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This is a story about blogging. Please pardon while I work out my blogging neuroses by blogging about it. (more…)

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Remembering

Six years ago I was living on the west coast in Monterey, CA.  Six years ago I woke up, rolled out of bed, put on my army physical fitness uniform, grabbed some water, and turned the television onto Headline News.  I saw the video images of one of the World Trade Center towers on fire and smoke rising.  Then I saw the second plane hit. 

I drove to the PT formation and fell in line with all of the other soldiers in training with me at the Defense Language Institute at the Presidio of Monterey.  There were all sorts of the rumors being passed back and forth along the rank and file.  The rumors were fueled by uncertainty, concern, and fear.  Some of us were from New York and Washington.  The White House had been attacked.  The Congress had been attacked.   The Pentagon.  More planes were in the air.  No one knew where the President was, if he was okay, what would happen to our country. 

And then of course, quite outside our concern for the people suffering, there was a lingering nervousness.  We were going to war.  That much we knew.  Most of us had never heard of Al Qaeda or Bin Laden.  But we knew that an enemy had revealed itself.  And we knew that it was on us to respond. 

Most of us joined for the benefits.  To afford college.  Somewhere in the back of our brains we understood what signing that contract meant.  But outside of the mostly air war in Bosnia during the late 90’s, there really didn’t seem to be a chance of war until that day.  So maybe some of us took that chance a bit lightly.  Maybe on that morning when the images of those burning towers, the hole in the Pentagon, members of both parties of Congress singing “God Bless America” from the Capitol Building steps were played over and over, the gravity of that contract, that uniform we put on every day, hit us like it never had before.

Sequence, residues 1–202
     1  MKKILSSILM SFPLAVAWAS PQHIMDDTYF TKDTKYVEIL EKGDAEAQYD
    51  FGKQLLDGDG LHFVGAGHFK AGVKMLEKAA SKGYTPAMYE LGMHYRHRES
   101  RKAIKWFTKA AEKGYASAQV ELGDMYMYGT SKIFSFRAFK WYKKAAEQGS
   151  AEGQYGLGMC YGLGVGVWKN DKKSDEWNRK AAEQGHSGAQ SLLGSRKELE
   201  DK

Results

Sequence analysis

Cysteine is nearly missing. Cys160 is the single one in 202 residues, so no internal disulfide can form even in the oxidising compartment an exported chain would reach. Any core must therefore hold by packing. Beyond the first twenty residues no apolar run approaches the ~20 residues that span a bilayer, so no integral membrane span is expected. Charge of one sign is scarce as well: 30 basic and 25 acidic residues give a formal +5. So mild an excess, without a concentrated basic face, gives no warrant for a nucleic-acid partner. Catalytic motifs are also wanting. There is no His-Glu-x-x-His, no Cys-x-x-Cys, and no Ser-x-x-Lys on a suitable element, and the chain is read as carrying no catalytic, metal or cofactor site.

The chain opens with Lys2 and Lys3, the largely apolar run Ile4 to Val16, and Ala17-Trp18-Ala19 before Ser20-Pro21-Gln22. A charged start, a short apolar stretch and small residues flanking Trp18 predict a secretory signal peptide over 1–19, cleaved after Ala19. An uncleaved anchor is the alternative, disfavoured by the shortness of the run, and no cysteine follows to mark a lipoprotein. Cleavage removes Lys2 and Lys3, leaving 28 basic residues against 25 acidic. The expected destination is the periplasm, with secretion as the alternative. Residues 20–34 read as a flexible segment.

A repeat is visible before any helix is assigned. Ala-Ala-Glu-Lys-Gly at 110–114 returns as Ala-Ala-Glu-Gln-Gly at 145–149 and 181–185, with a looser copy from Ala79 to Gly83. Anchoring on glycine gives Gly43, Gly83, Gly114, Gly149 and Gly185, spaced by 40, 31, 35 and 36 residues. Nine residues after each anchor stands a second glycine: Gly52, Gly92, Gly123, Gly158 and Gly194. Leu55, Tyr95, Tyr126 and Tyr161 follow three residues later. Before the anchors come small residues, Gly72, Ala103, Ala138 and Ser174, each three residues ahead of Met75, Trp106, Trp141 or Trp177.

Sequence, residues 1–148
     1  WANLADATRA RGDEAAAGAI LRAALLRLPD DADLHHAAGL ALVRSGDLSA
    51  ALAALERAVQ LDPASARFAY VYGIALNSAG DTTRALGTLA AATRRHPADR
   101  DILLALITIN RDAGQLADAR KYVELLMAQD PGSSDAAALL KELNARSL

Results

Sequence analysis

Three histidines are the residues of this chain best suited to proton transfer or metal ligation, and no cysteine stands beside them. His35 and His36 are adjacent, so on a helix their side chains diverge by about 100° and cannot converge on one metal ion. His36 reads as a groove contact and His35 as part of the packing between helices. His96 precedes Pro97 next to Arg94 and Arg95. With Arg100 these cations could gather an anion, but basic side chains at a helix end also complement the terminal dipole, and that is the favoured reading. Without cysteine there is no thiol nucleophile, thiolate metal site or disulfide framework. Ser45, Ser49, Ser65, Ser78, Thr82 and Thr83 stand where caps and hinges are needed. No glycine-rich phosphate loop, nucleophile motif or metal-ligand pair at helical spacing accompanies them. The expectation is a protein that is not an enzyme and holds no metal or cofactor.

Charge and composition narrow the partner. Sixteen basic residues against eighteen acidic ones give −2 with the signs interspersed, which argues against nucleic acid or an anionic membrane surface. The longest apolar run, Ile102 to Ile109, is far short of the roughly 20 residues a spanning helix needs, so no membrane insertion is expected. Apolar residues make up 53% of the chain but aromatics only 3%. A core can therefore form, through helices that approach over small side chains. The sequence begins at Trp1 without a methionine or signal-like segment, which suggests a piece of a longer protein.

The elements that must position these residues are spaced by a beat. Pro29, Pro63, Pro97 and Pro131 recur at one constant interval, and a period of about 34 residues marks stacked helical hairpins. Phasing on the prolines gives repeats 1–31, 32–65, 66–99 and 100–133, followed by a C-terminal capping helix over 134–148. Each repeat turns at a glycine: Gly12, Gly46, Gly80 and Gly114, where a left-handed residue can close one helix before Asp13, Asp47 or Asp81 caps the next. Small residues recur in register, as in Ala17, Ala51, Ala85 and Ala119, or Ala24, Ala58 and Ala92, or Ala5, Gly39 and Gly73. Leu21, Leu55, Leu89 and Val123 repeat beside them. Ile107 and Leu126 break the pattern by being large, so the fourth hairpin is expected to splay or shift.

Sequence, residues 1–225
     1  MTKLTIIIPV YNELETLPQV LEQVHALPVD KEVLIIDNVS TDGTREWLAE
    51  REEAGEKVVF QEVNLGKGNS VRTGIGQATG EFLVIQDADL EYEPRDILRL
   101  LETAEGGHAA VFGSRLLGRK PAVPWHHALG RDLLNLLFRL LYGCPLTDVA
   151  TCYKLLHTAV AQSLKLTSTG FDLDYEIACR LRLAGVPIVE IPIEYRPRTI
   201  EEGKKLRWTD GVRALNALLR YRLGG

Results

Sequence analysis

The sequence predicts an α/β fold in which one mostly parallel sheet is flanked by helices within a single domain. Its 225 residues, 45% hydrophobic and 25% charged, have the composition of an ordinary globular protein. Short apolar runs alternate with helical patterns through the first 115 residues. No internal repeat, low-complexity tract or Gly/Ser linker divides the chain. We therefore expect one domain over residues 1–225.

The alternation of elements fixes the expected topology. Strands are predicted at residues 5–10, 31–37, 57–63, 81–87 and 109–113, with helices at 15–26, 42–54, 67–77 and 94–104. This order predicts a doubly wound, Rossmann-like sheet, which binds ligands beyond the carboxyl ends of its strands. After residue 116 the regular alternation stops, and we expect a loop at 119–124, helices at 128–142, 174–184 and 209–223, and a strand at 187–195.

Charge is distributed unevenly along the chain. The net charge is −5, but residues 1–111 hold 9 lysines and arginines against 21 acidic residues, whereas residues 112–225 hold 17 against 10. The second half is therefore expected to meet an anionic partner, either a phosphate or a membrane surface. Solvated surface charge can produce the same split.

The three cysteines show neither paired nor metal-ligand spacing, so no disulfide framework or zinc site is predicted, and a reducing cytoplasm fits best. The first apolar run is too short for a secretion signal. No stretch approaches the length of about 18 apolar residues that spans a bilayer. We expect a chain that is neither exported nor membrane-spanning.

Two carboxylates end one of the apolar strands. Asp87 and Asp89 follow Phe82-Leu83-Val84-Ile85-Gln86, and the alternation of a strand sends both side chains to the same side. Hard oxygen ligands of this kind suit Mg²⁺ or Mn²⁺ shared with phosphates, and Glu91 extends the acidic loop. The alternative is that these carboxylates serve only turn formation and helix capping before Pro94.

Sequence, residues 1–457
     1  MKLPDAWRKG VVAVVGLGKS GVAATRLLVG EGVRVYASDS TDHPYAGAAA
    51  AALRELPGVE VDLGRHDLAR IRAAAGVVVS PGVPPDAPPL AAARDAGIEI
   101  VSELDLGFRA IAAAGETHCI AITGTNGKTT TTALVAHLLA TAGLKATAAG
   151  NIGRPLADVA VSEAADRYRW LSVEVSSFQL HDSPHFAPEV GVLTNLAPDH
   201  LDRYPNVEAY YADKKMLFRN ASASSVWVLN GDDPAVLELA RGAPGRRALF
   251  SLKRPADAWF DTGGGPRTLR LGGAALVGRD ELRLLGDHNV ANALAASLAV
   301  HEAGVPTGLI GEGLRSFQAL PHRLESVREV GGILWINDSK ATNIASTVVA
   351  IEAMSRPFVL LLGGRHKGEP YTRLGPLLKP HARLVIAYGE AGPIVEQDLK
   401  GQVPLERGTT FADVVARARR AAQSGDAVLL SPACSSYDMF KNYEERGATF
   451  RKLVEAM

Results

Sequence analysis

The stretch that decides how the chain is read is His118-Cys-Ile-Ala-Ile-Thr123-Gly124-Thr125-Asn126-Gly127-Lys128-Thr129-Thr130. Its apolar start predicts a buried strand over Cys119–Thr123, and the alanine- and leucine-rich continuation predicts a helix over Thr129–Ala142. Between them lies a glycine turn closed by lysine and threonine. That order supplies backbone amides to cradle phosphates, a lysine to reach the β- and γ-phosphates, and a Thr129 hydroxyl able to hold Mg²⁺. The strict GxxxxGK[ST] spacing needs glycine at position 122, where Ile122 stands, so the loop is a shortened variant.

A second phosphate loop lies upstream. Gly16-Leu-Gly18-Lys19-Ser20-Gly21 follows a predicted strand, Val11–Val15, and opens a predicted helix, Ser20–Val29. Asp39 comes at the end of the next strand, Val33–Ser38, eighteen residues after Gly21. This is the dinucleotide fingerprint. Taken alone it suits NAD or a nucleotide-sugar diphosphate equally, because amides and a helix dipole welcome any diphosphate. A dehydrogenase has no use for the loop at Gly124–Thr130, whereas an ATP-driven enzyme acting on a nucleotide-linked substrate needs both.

Anger came later.  First, we were nervous and unsure. 

I was a Korean linguist.  Our teachers, all of them Korean natives, played the Korean language news broadcasts all day long – aired on a loop with the rapid fire Korean language commentary, watching that second plane hit again and again, picking through the vocabulary and syntax, trying to understand. 

I got my orders for Korea a few months later.  It wasn’t much of a surprise, to be honest.  I figured that’s where I would end up.  But the Arabic linguists who were in my company were almost certainly going to accelerate their training and could count on being deployed at one point or another.  I wanted to reach out to them and I felt guilty about not going with them.  When I had enlisted, I put Arabic and Chinese down as my first choices.  But Korean was the highest need language, required the most resources for training, and was considered the most difficult.  On that morning, looking over at the Arabic linguists and realizing what was going to happen to them, I thought that it should have been me.